Dr. John C. Wall
Cummins Vice President and Chief Technical Officer

At PNNL, early research explored the way rhodium catalysts clean up NOx emissions in the conventional catalytic converters for today's gasoline-powered vehicles. This research examined the structural sensitivity of the catalytic reaction that converts NOx to the benign molecule, nitrogen. Like a lock and key, if a catalyst lock has the right structure when the chemical key is inserted, everything fits and the reaction works. If the lock and key don't quite match, then the reaction can take place but with undesirable products. The PNNL research showed that the best catalyst structure was achieved when rhodium catalyst particles were small and had rough surfaces. If the rhodium particles became too large, nitrous oxide was formed instead of nitrogen.

The Office of Science-funded research led to a better understanding of how the catalyst functions and enabled improvements in conventional catalytic converters.

Based on PNNL's record of success, Cummins, Inc., an engine manufacturer, and Johnson Matthey, a supplier of catalysts, approached the Laboratory for help in developing catalyst solutions for removing NOx emissions from lean-burn engines, such as diesels. Cummins and Johnson Matthey engineers were studying a new material that provided the foundation for a new catalyst technology — Lean-NOx Trap (LNT).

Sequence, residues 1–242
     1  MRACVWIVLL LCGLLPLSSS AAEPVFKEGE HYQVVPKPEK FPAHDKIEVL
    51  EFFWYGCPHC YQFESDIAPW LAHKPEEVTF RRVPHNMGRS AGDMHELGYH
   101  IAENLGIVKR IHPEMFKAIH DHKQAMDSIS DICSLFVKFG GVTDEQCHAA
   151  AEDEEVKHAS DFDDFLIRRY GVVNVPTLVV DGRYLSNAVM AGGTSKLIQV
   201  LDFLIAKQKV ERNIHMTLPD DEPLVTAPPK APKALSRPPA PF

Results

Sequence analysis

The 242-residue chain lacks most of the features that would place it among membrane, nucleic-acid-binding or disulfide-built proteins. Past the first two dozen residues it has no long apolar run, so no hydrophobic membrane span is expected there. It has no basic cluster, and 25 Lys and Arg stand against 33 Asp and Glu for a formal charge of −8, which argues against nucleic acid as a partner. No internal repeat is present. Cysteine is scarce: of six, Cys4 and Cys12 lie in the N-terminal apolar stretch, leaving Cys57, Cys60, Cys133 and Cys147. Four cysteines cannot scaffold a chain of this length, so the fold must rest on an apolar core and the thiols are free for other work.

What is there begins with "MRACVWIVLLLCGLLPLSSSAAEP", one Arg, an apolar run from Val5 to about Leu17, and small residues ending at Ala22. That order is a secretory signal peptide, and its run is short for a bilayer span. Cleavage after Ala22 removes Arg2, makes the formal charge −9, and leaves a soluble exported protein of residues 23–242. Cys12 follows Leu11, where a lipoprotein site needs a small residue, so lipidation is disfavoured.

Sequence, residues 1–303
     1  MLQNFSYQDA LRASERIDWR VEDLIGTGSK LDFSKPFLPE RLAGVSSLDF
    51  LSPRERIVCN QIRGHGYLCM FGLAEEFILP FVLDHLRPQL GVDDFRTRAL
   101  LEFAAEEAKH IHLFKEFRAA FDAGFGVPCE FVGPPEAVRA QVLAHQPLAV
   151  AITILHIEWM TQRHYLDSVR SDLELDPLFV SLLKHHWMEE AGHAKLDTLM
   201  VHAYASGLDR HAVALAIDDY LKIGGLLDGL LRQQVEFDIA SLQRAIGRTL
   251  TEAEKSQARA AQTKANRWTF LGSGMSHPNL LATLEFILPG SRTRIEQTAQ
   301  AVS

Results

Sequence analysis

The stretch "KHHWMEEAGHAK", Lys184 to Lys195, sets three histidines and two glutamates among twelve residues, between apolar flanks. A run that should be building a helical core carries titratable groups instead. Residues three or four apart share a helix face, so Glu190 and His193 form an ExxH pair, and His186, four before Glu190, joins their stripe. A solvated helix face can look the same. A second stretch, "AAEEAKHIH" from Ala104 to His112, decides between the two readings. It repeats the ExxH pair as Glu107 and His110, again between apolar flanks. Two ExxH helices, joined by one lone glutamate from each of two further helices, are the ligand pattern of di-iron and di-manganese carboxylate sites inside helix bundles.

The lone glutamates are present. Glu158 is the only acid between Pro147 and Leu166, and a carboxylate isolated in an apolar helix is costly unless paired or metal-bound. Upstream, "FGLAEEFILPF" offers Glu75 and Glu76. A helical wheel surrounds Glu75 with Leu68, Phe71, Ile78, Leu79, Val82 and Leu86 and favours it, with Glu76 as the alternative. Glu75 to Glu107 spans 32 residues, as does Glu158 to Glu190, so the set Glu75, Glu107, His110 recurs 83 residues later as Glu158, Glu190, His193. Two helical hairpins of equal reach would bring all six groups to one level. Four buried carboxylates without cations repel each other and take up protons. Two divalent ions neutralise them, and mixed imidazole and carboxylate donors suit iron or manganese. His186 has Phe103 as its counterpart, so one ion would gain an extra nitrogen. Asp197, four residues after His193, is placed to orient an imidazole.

The Cummins lean-burn diesel-powered engine was destined for powerful vehicles, like the Dodge Ram pickup truck. Because the current catalytic converters were not effective for emissions from these engines, they could not meet the new emissions standards for diesel vehicles. So, with the dual impacts of cleaner air and greater fuel efficiency hanging in the balance, new and significantly improved catalyst technologies were a necessity.

Simply stated, the new Lean-NOx Trap material worked fine initially, but it did not last. The answers to why the material failed too early would require unique fundamental studies of the catalytic materials and reactions involved, typically beyond the scope of companies whose expertise lies in product engineering.

In 2003, with funding from the DOE's Vehicle Technologies Program, Cummins and PNNL began a collaborative, multi-year Cooperative Research and Development Agreement — or CRADA — to explore the Lean-NOx Trap material failures with the support of an integrated suite of unique scientific instruments in EMSL.

Like any good mystery, the outcomes were surprising and challenged the way scientists think about how catalysts function.